I am a nonfiction advocate in a 200-year old entrenched tradition of poetry and fiction. Memoir, essays, humor essays, articles, book and movie reviews. I was told once I should write a novel. I can’t. I’m too hooked on true-life stories. I’m inspired by people’s lives – living, breathing, surviving, and coming out standing on their feet. I even have a special bookshelf for my favorite memoirs that inspire me.
Singing was my first love. In college and beyond, I had coaching by great teachers and sang as soloist and with major chorales and orchestras. Unfortunately, my parents would not support my dream. They wanted me to get a reliable job back in the day when typing was the good gig. I decided on an English major.
I tried painting recently. Loved it. But I also knew it would take years to be excellent at it – and “just good” was not enough for me. I do believe my watercolor class taught me about the layers of creativity – a parallel between painting and writing.
In all those years, I wrote. I read nonstop. In college, my professors encouraged me. A visiting poet liked my work as editor of the magazine. There were hints along the way.
The writing never went away. As a wife and mother, I joined writers’ groups. As a computer specialist, I wrote manuals for education. Later, as a substitute teacher, I built a writing business on the side. I think I made $200 the first year. After a few years, I gave it up to work a “real” job to support myself.
With retirement from event planning for and promoting other authors, I literally leapt back into writing: twenty plus essays, reviews, articles, a website and a blog, three full-length memoirs. Mama was on fire! To my utter surprise, magazines and blogs started grabbing them up.
I am a “seat of your pants” writer, a pantser, they call it. I spill the whole thing out on paper (word doc) and then stare at it, hoping it means something. Not such a bad way to go on short pieces but a real b—- on book projects. Next, I look for theme, takeaway, the reason to even write it. For stories I’ve had in my head for years, it works well. For new ideas, I find I need to research what others say on a topic to define where I stand on it.
I have a fascination with layers. I discovered that the first draft is a hodge-podge, the second draft – a little less of a mess, while drafts 3-10 begin to yield gradual light. It was in my watercolor class that I saw the revelation of that. You cannot, I say, cannot, skip over a layer. You have to allow the layers to develop. Requires patience.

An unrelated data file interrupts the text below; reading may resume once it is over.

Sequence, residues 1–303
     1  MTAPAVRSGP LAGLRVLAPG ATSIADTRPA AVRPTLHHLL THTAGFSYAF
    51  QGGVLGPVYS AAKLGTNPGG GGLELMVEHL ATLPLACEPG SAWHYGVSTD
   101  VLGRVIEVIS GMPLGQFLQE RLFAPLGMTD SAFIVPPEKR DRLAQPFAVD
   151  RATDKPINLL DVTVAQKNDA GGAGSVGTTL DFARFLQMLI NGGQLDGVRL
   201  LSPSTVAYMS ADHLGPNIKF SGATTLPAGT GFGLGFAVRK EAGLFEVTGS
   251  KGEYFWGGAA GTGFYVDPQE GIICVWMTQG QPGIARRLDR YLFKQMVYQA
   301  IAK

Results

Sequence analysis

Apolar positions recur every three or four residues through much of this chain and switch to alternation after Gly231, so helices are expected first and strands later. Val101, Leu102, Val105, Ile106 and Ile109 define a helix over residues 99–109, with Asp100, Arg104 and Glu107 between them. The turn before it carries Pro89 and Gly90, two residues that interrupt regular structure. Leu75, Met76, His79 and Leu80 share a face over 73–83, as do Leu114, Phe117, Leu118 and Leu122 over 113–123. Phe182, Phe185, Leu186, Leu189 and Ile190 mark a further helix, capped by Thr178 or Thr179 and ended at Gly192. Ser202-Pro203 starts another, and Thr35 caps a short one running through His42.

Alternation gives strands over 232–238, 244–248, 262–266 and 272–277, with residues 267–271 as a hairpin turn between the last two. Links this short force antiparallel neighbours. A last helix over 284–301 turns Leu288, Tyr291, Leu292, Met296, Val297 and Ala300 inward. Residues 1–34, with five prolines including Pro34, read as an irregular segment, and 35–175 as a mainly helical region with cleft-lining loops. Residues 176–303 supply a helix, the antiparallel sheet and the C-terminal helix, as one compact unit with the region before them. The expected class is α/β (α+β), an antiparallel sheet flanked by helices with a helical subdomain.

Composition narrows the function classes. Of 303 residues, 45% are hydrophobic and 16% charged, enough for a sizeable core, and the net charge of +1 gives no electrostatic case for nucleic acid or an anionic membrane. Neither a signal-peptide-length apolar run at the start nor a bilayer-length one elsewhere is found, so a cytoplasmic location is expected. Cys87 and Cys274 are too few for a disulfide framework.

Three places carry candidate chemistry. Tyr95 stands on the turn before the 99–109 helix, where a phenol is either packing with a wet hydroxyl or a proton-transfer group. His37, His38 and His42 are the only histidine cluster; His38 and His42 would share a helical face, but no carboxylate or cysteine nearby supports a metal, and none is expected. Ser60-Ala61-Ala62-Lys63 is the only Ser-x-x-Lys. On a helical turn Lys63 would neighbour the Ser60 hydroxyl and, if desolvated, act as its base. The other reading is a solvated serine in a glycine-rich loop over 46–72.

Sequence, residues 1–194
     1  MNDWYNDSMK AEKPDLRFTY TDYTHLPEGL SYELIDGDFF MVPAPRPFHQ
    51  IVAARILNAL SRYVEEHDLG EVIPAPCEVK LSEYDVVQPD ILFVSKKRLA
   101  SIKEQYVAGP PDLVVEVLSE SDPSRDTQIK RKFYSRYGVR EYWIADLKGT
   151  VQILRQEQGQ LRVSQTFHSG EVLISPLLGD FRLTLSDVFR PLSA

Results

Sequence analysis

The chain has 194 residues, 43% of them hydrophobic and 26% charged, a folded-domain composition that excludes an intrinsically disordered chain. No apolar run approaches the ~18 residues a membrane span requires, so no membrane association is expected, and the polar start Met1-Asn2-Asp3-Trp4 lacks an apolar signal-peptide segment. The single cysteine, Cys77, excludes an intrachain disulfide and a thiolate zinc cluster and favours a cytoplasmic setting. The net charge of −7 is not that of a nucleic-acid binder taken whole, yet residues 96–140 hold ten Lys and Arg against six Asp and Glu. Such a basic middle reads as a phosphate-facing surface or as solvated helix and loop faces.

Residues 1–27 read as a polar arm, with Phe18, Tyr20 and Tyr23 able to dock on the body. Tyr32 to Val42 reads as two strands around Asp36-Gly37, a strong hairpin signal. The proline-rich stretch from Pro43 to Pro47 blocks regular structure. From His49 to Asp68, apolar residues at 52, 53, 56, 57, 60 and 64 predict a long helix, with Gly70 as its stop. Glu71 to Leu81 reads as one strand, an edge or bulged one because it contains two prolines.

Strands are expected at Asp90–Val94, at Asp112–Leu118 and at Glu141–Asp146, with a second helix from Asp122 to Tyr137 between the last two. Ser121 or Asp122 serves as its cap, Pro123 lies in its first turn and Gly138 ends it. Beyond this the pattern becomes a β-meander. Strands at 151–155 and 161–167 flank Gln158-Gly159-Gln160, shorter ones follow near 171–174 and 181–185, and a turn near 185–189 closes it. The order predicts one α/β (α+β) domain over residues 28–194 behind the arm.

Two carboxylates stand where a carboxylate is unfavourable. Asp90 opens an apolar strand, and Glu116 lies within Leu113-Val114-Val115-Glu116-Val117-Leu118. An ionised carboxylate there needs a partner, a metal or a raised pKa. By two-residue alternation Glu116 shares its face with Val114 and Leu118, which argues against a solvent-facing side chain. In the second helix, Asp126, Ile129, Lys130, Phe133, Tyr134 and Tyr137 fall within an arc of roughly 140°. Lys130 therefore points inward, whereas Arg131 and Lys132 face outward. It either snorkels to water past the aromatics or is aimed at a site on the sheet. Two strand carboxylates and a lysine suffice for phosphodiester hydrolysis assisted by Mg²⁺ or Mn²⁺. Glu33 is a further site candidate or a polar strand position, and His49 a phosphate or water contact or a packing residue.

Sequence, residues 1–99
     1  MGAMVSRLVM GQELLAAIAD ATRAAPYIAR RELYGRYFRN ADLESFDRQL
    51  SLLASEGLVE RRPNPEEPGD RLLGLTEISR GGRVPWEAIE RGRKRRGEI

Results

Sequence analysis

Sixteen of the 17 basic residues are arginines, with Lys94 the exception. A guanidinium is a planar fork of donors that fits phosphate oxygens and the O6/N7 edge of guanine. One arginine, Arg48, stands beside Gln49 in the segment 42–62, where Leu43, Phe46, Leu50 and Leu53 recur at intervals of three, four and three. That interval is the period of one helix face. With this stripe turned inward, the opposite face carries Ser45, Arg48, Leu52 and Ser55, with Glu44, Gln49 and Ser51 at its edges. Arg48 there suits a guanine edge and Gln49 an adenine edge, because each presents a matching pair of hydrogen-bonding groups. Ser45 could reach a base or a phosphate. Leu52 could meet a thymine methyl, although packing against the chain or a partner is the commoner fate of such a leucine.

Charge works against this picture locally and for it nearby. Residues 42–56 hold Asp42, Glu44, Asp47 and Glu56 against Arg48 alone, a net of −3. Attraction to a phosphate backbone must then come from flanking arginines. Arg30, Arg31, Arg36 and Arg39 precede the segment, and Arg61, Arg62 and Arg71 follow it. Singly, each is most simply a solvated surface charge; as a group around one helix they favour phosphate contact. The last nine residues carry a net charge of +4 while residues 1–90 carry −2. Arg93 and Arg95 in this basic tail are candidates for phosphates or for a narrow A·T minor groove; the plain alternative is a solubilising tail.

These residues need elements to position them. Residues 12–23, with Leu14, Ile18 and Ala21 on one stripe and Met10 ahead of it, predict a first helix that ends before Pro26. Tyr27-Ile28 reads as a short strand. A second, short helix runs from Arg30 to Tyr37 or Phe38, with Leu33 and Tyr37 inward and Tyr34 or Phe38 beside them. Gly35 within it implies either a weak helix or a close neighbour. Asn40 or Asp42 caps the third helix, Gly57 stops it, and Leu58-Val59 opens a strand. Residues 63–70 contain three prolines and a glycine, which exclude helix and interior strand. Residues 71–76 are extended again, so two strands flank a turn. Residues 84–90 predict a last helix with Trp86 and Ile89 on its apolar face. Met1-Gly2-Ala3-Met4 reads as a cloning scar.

I believe the mental/emotional process of taking breaks between drafts – letting your brain/heart work on it – is also an important part of composing.
Kaye Curren writes nonfiction for various blogs and magazines. She used to write computer manuals but now writes humor, personal essays, human interest stories, and memoir as well as book and movie reviews. Her guest posts are featured on the Erma Bombeck Writers’ Workshop site, humorwriters.org, LiteraryMama.com, and GRAND Magazine. Kaye also has essays in an Erma Bombeck and a Chicken Soup for the Soul anthology. Her first ebook, Memories A La Carte, Essays on a Life, is available on Amazon. Find her musings on her website/blog at writethatthang.com.
Affiliations: Bear River Writers Conference, National Society of Newspaper Columnists, Erma Bombeck Writers Workshop, Nonfiction Authors Association, National Association of Memoir Writers, Women Writers of Ann Arbor/Ypsi.
Linda K. Sienkiewicz is the author of the award-winning novel In the Context of Love, a story about one woman’s need to tell her truth without shame.
2017 New Apple Book Awards Official Selection
2016 Sarton Women’s Fiction Finalist
2016 Eric Hoffer Book Award Finalist
2016 Readers’ Favorite Finalist
2016 USA Book News Best Book Finalist
“…at once a love story, a cautionary tale, and an inspirational journey.” ~ Bonnie Jo Campbell, author of National Book Award Finalist, American Salvage, and critically acclaimed Once Upon a River,and Mothers, Tell Your Daughters